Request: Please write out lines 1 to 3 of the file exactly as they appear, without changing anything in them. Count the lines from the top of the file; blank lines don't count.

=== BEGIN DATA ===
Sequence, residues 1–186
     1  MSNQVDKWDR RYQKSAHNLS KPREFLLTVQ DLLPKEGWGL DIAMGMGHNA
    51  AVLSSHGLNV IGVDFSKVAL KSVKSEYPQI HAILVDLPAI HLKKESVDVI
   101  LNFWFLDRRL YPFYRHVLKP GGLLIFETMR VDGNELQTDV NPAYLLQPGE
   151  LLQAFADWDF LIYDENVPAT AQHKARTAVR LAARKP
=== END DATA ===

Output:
Sequence, residues 1–186
     1  MSNQVDKWDR RYQKSAHNLS KPREFLLTVQ DLLPKEGWGL DIAMGMGHNA
    51  AVLSSHGLNV IGVDFSKVAL KSVKSEYPQI HAILVDLPAI HLKKESVDVI